While the broad market, measured by the S&P 500, swooned a little on Wednesday, shares of oil refiners were hammered. Part of the sell-off can be blamed on pure profit taking. Shares of Phillips 66 (PSX) are up nearly 18% year-to-date, and shares of Marathon Petroleum (MPC) are 29% higher. Both stocks were taken to the proverbial woodshed on Wednesday. Phillips 66 declined 6.55% and Marathon 4.78%.
What triggered the profit-taking was new rules introduced by the EPA to reduce the amount of sulfur in gasoline. The EPA suggests that its new rules will only increase the price of gasoline by one cent. However, investors worry that the new rules will require upgrades that will be costly to the refiners.
I currently own shares of Phillips 66 and am pleased with the way management has been unlocking shareholder value since it became a public company last April. Phillips 66 is able to take advantage in the large spread between the price of WTI crude and Brent crude. Since refined product, i.e. gasoline, is priced off Brent prices, Phillips 66 benefits by refining much cheaper WTI. It is able to use this so-called "advantaged" crude because it owns the assets that transport WTI to its refineries.
In addition, Phillips 66 is unlocking shareholder value by spinning off its infrastructure assets into a publicly traded master limited partnership later this year. Existing PSX shareholders will not receive shares of the newly formed MLP, which will be called Phillips 66 Partners and trade under the symbol PSXP. However, PSX shareholders can expect to benefit from the value unlocked by the transaction. Phillips 66 will receive cash distributions from the partnership and will benefit as the MLP grows with its own access to the public markets. For more information on PSXP, you can read the company's S-1 filing on the SEC website.
Since the sell-off that occurred on both Tuesday and Wednesday, Phillips 66 trades with a P/E ratio of less than 10. Analysts expect Phillips 66 will earn $7.40 in 2013, giving it a forward P/E of 8.44. The company pays an attractive dividend of 1.8%, which is roughly equivalent to the yield on a 10-year Treasury. Management has stated their intention of consistently raising the dividend. As the company generates more cash by monetizing its infrastructure assets, it should have no trouble with dividend increases.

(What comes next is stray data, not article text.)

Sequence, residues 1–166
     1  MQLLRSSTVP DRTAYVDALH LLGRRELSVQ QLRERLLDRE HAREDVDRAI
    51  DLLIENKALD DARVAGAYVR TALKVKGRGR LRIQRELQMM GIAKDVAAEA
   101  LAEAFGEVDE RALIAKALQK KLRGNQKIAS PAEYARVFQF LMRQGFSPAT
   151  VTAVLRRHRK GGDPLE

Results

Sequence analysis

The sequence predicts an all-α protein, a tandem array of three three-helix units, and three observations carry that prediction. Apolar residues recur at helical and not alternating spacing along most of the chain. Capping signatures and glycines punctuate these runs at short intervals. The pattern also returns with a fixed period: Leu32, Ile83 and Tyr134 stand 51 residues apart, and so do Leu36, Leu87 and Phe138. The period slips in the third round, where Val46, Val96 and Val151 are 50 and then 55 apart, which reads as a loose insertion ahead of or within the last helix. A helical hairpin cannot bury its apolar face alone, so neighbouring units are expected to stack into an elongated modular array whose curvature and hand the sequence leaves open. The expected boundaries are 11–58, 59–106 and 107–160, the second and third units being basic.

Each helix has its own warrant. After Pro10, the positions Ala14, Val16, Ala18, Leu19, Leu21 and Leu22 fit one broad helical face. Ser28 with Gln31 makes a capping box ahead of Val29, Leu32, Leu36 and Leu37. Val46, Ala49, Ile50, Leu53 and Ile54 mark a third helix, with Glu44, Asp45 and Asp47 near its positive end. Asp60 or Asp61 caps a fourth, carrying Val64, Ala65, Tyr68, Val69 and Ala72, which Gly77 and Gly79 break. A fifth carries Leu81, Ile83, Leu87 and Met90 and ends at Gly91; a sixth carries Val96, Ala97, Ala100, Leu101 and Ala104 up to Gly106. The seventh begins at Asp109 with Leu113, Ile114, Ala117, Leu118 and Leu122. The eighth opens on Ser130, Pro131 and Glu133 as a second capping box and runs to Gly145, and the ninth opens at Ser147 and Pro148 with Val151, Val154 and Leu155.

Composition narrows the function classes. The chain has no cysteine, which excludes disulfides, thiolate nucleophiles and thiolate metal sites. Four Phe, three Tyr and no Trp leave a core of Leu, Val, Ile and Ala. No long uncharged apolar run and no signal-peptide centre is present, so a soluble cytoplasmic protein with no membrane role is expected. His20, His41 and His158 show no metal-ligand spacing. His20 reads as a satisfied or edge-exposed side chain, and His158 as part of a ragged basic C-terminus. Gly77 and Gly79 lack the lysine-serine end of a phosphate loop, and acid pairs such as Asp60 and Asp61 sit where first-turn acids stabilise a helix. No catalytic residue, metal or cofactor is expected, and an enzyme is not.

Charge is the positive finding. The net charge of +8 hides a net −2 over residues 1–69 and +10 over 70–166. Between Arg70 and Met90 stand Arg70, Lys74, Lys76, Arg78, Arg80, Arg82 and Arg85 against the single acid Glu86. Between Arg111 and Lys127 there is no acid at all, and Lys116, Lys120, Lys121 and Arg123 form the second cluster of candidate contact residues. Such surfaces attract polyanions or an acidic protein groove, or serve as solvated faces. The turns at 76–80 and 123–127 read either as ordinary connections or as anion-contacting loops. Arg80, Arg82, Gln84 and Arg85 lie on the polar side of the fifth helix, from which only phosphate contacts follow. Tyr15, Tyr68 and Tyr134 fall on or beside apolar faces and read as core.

As many investors have used recent news as an excuse to book profits in Phillips 66, I have been using it to increase my holdings. In my view, there's still plenty of value in the refining companies, particularly Phillips 66. Even if new EPA regulations increase one-time costs for the company, eventually that will be made up from future price increases at the pump. There's also plenty of time to sort out the details of the EPA proposal and often these proposals are changed multiple times. Investors would do well to focus on the high profit margins and the value being unlocked at Phillips 66. This is an opportunity to scoop up shares while they're oversold.
Disclaimer: Mr. Constantino is a proprietary investor and does not provide individual financial advice. The stocks mentioned in this article do not represent individual buy or sell recommendations and should not be viewed as such. Individual investors should consider speaking with a professional investment adviser before making any investment decisions.